Calling California home means sharing in the responsibility of creating strong communities. Yet, corporations are contributing roughly half as much of their California profits in state taxes than four decades ago. In the early 1980s, corporations that reported profits in California paid more than 9.5% of this income in state corporation taxes. In contrast, corporations paid just 4.8% of their California profits in corporation taxes in 2019, the most recent year data are available. California’s budget would have received $14 billion more revenue in 2019 had corporations paid the same share of their income in taxes that year as they did in 1981 — more than the state spends on the University of California, the California State University, and student aid combined.
Corporations pay less of their income in taxes today than the 1980s in part due to tax rate reductions by state policymakers. The Legislature has cut the corporate tax rate twice: from 9.6% to 9.3% in 1987 and from 9.3% to 8.84%, its current level, in 1997.
In addition to cutting tax rates, state policymakers have enacted several tax breaks that reduce the share of corporate income paid in California corporation taxes. In the 1980s, policymakers established the “water’s edge” election and the research and development (R&D) tax credit — the state’s two largest corporate tax breaks that account for $6.1 billion of the $7.8 billion the state is projected to spend on corporate tax expenditures in 2021-22.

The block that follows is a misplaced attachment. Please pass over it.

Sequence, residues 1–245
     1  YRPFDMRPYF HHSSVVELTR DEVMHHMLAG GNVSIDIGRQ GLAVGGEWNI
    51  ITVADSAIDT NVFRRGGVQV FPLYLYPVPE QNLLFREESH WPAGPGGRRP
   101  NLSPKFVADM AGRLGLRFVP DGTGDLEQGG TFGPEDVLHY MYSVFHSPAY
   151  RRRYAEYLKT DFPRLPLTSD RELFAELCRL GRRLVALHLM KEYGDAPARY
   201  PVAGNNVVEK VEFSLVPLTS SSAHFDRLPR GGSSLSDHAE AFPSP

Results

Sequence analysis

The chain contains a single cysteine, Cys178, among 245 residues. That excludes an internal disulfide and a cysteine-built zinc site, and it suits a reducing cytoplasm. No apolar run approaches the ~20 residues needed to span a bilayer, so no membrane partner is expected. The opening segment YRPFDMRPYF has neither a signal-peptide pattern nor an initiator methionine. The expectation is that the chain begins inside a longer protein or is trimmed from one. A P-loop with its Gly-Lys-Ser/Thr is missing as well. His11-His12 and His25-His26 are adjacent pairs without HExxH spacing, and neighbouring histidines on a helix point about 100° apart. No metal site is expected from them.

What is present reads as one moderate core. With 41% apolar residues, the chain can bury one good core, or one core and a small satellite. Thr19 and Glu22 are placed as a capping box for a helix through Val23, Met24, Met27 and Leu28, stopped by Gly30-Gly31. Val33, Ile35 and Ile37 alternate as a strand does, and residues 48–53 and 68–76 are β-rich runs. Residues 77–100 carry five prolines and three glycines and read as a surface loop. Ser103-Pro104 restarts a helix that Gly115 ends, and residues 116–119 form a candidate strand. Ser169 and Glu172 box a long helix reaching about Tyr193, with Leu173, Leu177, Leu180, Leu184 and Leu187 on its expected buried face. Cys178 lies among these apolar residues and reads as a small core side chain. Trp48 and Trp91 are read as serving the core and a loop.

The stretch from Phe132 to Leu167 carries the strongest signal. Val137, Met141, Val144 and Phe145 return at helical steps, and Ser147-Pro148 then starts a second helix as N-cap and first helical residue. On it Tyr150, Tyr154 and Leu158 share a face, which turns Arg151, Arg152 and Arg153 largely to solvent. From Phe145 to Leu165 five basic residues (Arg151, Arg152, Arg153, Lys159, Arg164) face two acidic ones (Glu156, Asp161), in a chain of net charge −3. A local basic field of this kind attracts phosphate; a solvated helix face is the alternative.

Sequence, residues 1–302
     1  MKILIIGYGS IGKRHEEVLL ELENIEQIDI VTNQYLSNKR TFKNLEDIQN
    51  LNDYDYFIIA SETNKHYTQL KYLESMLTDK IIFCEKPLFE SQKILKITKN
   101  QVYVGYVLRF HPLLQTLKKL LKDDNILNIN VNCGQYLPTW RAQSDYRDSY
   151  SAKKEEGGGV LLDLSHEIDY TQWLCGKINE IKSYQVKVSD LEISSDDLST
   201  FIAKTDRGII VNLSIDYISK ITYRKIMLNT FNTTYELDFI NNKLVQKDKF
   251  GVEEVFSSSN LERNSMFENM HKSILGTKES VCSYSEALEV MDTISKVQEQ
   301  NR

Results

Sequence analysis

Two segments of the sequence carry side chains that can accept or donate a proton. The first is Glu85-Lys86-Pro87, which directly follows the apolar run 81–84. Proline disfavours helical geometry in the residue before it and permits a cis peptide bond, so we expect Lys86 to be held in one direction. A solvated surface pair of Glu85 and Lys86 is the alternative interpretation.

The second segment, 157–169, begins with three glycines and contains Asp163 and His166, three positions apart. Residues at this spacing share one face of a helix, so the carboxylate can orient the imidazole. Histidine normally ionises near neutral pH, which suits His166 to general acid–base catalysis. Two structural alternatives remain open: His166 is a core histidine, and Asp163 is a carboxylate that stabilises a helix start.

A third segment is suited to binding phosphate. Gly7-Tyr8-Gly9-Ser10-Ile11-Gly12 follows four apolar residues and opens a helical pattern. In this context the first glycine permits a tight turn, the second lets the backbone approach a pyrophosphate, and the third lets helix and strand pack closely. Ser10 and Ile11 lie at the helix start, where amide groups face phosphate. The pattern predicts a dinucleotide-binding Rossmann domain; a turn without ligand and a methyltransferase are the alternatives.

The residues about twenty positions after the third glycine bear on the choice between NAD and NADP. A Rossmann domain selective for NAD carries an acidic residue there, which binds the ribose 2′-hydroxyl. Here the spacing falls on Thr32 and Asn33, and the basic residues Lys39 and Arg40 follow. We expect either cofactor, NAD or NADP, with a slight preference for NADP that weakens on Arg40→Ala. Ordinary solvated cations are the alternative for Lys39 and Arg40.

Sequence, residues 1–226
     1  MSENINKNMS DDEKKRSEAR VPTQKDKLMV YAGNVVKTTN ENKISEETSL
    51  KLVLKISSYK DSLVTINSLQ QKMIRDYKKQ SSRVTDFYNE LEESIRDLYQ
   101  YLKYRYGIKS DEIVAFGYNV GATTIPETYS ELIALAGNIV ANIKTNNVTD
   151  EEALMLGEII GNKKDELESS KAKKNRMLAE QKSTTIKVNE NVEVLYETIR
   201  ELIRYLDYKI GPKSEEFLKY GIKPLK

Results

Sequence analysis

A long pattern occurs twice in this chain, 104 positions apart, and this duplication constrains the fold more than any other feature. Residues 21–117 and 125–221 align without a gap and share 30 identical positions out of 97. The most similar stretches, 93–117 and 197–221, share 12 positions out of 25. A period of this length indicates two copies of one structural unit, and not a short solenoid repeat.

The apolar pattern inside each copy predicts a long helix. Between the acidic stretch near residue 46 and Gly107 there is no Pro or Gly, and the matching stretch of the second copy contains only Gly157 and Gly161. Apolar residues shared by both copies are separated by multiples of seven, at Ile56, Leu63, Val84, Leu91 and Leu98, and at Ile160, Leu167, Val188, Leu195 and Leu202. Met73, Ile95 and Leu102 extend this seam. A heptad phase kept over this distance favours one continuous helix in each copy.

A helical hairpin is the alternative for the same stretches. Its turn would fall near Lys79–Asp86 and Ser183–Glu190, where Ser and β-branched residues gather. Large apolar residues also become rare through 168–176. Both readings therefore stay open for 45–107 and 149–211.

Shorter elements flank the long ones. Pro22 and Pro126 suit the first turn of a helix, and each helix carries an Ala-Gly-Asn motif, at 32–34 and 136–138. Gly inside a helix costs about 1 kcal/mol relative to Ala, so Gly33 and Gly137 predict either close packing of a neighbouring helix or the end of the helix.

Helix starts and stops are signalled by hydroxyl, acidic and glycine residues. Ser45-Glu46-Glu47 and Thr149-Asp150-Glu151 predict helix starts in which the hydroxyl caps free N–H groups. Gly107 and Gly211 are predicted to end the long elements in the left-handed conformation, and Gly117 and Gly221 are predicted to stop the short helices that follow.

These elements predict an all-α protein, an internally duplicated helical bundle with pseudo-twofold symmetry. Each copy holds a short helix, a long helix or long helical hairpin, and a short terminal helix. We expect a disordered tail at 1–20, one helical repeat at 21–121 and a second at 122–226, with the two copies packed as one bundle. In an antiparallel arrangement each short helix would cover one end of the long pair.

California’s tax break spending for corporations far exceeds tax benefits for Californians with low incomes. In tax year 2020, California spent $1.3 billion on the state’s two largest tax credits targeted to Californians with low incomes — the California Earned Income Tax Credit (CalEITC) and the Young Child Tax Credit (YCTC).1Reflects credits from tax returns processed by the Franchise Tax Board through November 27, 2021. The CalEITC and YCTC benefited 6.6 million Californians in tax year 2020 by boosting the incomes of those with annual earnings of less than $30,000, a large majority of whom are people of color.2The 6.6 million Californians figure reflects the total number of tax filers, spouses, and dependents in 4.2 million “tax units.” Yet, most people get less than $200 from the CalEITC, far too little to help people earning low wages and living in poverty. Policymakers can make tax credits more equitable by providing a larger minimum CalEITC for eligible workers and pay for it by eliminating or reducing tax breaks for corporations that can afford to contribute more to support California communities.